As a child, my family vacation destinations were never somewhere I’d enjoy like Tokyo or New York City, but places like Vail, places where the activities consist of: eating expensive food, buying t-shirts with the city’s name on them, and wandering aimlessly in the woods. These are meaningless activities to me. There’s nothing in the woods; just trees, grass, and then maybe a deer, which you can see at a zoo or on the internet. I remember my dad saying to me, “This hotel’s prices are so low over the summer! It’s such a deal!” and I thought, ‘There’s no snow in Vail over the summer, hence no skiing, hence no activities, hence low prices.’ How can you be enriched by a vacation without exciting activities? How can you purge yourself of black energy while shopping for antiques? Ah, what a brat.
One day, my dad decided to drive us all to the top of Pike’s Peak, a Colorado mountain that rises 14,000 feet above sea level. I think he felt a weird sense of ownership, being named Pike, though unrelated to its actual namesake, Zebulon Pike, obscure American explorer/alien hybrid. When it came into view, he said, “Look, this is our mountain. We own it. I have the deed in the glove compartment. Look at those cars, driving up the side, trespassing all over our mountain. We should call the police.” Very seriously, I thought: ‘I own a mountain.’ Based on the exciting descriptions in the brochure, I thought there must be a theme park or carnival ride at the top. Why else would people drive all the way up there?
As we ascended, a gray pall fell over us. The pine trees nestled against the road disappeared, leaving only the bottomless abyss in view out the right side. Intermittently, I’d see a pitiful little railing, but most of the way, there was no barrier to prevent our minivan sailing off the mountain like the bus from Speed, certainly not the driving proficiency of my dad. I’d often crouched down in the passenger seat of his Eclipse, whispering, “Please… please… please stop…” while he sped down the highway, and now, pressed against the window, I couldn’t even see the edge of the muddy road, only the drop.
“Has anyone famous ever driven off a cliff?” asked my mom.
“Tons,” said dad. “Grace Kelly, Johnny Carson’s son… so many. People drive off cliffs all the time.”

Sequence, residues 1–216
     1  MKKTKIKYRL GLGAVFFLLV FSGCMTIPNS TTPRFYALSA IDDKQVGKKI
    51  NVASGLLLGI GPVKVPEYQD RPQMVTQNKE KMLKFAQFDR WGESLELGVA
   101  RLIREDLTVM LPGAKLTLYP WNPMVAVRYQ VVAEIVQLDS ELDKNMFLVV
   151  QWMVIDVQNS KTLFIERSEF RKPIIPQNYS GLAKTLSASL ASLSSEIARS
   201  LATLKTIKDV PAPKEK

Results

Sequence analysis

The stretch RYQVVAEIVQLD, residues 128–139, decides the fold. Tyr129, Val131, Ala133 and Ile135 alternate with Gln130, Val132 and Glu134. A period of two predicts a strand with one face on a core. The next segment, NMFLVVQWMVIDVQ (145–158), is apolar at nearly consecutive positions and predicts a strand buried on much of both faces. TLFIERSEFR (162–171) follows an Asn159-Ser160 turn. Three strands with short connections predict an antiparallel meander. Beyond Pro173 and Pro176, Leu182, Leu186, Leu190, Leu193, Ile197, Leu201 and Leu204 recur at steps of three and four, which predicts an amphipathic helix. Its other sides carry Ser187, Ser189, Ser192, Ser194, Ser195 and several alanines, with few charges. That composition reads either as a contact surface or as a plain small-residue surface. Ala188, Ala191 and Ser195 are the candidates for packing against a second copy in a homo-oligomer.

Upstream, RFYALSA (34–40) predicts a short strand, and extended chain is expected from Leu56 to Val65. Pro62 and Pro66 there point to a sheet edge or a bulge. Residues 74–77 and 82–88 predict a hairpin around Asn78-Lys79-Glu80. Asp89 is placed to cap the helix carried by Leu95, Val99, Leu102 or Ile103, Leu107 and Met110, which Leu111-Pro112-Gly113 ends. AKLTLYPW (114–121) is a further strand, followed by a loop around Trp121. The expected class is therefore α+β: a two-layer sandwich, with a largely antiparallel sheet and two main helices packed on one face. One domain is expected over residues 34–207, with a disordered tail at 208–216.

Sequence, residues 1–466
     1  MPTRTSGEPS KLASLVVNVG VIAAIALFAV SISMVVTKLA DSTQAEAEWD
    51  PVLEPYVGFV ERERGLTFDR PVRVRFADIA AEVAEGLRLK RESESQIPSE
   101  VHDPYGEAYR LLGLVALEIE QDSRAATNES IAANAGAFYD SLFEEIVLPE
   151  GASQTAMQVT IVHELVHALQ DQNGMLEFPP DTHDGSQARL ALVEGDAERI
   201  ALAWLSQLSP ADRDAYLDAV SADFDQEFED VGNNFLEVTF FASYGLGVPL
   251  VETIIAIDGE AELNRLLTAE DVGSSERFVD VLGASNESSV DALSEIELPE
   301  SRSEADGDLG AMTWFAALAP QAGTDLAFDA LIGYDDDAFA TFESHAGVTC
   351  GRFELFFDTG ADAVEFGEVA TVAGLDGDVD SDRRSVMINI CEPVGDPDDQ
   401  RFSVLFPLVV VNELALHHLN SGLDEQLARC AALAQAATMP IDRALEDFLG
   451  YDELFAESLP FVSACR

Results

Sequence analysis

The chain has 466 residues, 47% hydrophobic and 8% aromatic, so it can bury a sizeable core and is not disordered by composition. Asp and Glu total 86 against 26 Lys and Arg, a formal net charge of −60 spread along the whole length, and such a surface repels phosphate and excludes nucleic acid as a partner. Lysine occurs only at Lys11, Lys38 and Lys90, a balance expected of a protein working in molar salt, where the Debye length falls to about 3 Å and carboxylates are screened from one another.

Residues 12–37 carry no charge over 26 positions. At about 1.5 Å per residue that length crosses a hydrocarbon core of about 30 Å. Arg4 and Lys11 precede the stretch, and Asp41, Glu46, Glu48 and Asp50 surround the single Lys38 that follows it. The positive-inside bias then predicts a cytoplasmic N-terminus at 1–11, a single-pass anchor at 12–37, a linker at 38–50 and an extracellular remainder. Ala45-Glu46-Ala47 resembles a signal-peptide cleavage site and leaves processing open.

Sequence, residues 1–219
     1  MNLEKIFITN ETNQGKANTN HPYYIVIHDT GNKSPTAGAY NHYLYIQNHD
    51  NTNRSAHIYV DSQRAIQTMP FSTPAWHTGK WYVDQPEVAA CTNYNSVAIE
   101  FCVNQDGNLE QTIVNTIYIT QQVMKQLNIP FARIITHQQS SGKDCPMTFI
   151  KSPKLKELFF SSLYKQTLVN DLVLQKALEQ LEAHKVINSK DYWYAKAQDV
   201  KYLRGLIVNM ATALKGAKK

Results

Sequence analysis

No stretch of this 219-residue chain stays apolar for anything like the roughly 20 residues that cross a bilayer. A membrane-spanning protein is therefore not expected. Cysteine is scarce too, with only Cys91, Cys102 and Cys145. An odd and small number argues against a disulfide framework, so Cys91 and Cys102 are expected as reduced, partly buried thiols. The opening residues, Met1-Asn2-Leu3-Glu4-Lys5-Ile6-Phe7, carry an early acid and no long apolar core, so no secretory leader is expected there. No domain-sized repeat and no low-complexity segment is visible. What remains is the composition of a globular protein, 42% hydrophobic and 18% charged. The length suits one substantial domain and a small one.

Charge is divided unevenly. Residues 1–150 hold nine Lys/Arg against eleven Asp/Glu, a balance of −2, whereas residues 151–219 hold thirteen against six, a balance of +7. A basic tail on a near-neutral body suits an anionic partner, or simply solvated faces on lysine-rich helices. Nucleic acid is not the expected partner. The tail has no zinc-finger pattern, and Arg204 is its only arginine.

My younger brother, who has severe autism, emitted a squeal like a police siren, an oscillating, mind numbing, mournful wail that went on and on. He couldn’t speak, but this was the correct reaction, conveying my feelings precisely.
At ten years old, I’d never felt death so close. Rain and sleet poured down on us, and the road grew muddier, less steady, with fog so thick we stopped following the road and started following the tail lights of cars ahead of us. Lightning forked the sky. I pictured my death over and over: sailing into the void, in slow motion of course, our faces contorted in pure animal terror, snack cakes and nickels floating by, thinking, ‘This can’t be real. I can’t die. Death is something that only happens in movies. It’s something that happens to other people, in foreign countries, far away.’
“Hey,” said dad. “Look at that hawk way, way down there.” He took his eyes off the road and pointed at a tiny black dot, a hawk circling far below us.
“Please… please stop talking,” I said.
“It’s fine,” he said.
“It won’t be fair if I die because I’m not driving, you’re driving, it’s out of my control, and you are not taking this seriously.”
“And look at that,” said my dad, pointing at a sign that said, “FALLING ROCKS” above a cartoon of a gigantic boulder crushing a car. “Heh heh.”
“You think we can’t die, but we can. Even talking about it won’t prevent it.”
“Oh, come on.”
“Please, can we return to ground level?” I felt if I expressed my personal preference, I could die knowing I’d done all I could under the circumstances to save our lives, and this would comfort me, the fatalism of it, the inevitability. I could conceptualize our ascent as a Universal Studios ride, totally outside my control, and therefore, not worth stressing over. It would be my dad’s fault, and God would punish him for being a terrible father with terrible vacation ideas.
The car suddenly swerved before righting itself, and my mom quietly put a blanket over her head for the subsequent duration. I could hear her muffled sobs.
Finally, we reached the peak, a flat expanse of dirt submerged in a thick gray raincloud. With only a couple feet of visibility in any direction, it was a vision of purgatory or possibly The Further from Insidious, with no restaurants or carnival rides in sight. We got out of the car to stretch our legs. No one spoke, but in the air, unspoken, a single thought: no way was this worth it. After a few moments of standing there in the rain, my dad dashed out into the fog and was gone for several minutes. When he returned, he held out his hand to me.
“I brought you this.” In his hand was a rock.
“This is a rock,” I said.
“This is a rock,” I repeated.
“It’s a rock from the top of a mountain,” he said. “That makes it special.”
“I see. Thank you.” Reverently, I took the rock from him. When he got in the car, I tossed it on the ground and wiped my hands on my shirt.